“Meanwhile, as both an effects film and an indictment of toxic masculinity, Hollow Man has only improved.”
“All of that effects work would be for naught, however, if it weren’t for Bacon’s tour-de-force performance. As Sebastian, the arrogant scientist leading a military-funded lab team to develop an invisibility serum, he offers an alienating portrait of male entitlement, seething about the lack of validation he’s received from his peers and superiors, despite all evidence to the contrary. It’s oddly prophetic of the Silicon Valley tech wizard mentality, i.e. “innovation” as the ultimate goal, no matter the sacrifice nor the ends to which the tech will be used. Moreover, Sebastian’s anger toward ex-girlfriend and fellow team member Linda (Elizabeth Shue) because she commits the dual cardinal sins of no longer sleeping with him and shacking up with their handsome co-worker Matt (Josh Brolin) reeks of misogyny. Bacon persuasively weaponizes his charm, previously established in films like Footloose and Apollo 13, organically shifting from “run-of-the-mill workplace asshole” to “deranged mass murderer.””
Revisiting Paul Verhoeven’s Hollow Man and its straight-to-video sequel:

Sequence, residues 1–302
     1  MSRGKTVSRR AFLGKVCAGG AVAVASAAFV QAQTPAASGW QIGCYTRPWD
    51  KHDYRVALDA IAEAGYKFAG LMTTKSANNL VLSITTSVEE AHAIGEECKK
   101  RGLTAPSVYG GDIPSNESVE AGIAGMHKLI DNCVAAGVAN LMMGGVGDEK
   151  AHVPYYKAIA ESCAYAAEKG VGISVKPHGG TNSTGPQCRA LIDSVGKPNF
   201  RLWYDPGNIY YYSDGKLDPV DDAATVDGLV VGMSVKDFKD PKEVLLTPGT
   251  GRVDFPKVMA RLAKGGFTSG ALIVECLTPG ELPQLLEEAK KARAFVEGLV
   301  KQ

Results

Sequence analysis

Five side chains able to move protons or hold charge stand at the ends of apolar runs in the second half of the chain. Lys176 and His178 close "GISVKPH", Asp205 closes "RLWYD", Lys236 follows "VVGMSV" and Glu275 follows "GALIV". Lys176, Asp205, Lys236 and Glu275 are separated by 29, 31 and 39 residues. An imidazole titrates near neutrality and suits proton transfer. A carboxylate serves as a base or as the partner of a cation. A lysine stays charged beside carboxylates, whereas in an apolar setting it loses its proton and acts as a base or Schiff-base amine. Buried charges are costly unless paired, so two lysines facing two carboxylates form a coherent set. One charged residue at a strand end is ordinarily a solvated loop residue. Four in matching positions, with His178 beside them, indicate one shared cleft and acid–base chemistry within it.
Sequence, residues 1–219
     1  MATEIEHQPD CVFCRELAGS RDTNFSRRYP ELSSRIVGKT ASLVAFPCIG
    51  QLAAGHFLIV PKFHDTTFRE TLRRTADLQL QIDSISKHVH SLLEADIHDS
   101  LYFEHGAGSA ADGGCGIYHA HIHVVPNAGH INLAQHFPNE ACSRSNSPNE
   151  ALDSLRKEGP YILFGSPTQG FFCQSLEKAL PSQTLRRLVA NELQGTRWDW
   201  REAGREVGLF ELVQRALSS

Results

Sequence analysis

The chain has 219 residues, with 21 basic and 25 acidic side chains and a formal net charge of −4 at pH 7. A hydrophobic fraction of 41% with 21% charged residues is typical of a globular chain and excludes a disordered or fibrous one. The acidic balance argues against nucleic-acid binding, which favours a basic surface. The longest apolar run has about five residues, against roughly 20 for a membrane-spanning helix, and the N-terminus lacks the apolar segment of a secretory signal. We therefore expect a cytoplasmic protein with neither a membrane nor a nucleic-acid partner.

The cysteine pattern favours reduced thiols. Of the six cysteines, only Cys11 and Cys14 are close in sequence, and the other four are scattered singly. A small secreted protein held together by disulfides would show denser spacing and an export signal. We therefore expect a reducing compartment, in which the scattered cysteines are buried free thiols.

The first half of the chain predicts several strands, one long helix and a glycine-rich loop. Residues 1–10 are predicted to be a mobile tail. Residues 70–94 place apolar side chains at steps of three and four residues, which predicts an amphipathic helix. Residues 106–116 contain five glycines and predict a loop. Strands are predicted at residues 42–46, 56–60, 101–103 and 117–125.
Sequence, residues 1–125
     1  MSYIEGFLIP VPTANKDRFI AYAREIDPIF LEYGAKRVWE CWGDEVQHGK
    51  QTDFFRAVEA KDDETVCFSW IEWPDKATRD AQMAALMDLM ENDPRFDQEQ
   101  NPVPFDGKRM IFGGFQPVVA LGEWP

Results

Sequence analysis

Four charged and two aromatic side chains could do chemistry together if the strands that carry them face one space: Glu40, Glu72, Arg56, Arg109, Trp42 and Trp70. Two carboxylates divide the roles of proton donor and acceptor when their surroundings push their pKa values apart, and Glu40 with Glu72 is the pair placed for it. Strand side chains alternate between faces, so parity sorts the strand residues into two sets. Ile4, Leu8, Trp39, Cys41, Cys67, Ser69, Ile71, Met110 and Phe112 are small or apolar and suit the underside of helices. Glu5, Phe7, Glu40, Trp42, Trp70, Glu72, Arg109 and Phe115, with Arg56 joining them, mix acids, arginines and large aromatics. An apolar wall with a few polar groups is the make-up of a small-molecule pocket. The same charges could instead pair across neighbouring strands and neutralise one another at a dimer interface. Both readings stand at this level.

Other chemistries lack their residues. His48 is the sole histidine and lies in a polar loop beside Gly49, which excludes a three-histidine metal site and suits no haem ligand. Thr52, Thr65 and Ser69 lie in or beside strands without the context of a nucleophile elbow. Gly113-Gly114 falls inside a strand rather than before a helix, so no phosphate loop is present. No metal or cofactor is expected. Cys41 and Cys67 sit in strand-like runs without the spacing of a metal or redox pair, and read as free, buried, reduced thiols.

“As does the way the director keeps uncomfortably aligning the invisible cinemagoer’s intrinsic voyeurism with Sebastian’s own, showing us to what depths of depravity the male gaze can lead.
Sebastian is initially presented as a pioneering, maverick, cocky male figure of identification/aspiration – familiar from, and celebrated by, any number of Hollywood movies. In the end, Sebastian has been reconfigured precisely by those qualities as the film’s unambiguous villain. Verhoeven, ever the subversive filmmaker, leaves it up to us at which point we part company with this type of the great American hero.”
Rotten tomatoes is less kind, compared to the more recent inspiration of the Invisible Man starring Elizabeth Moss.
The Invisible Man on fanfare.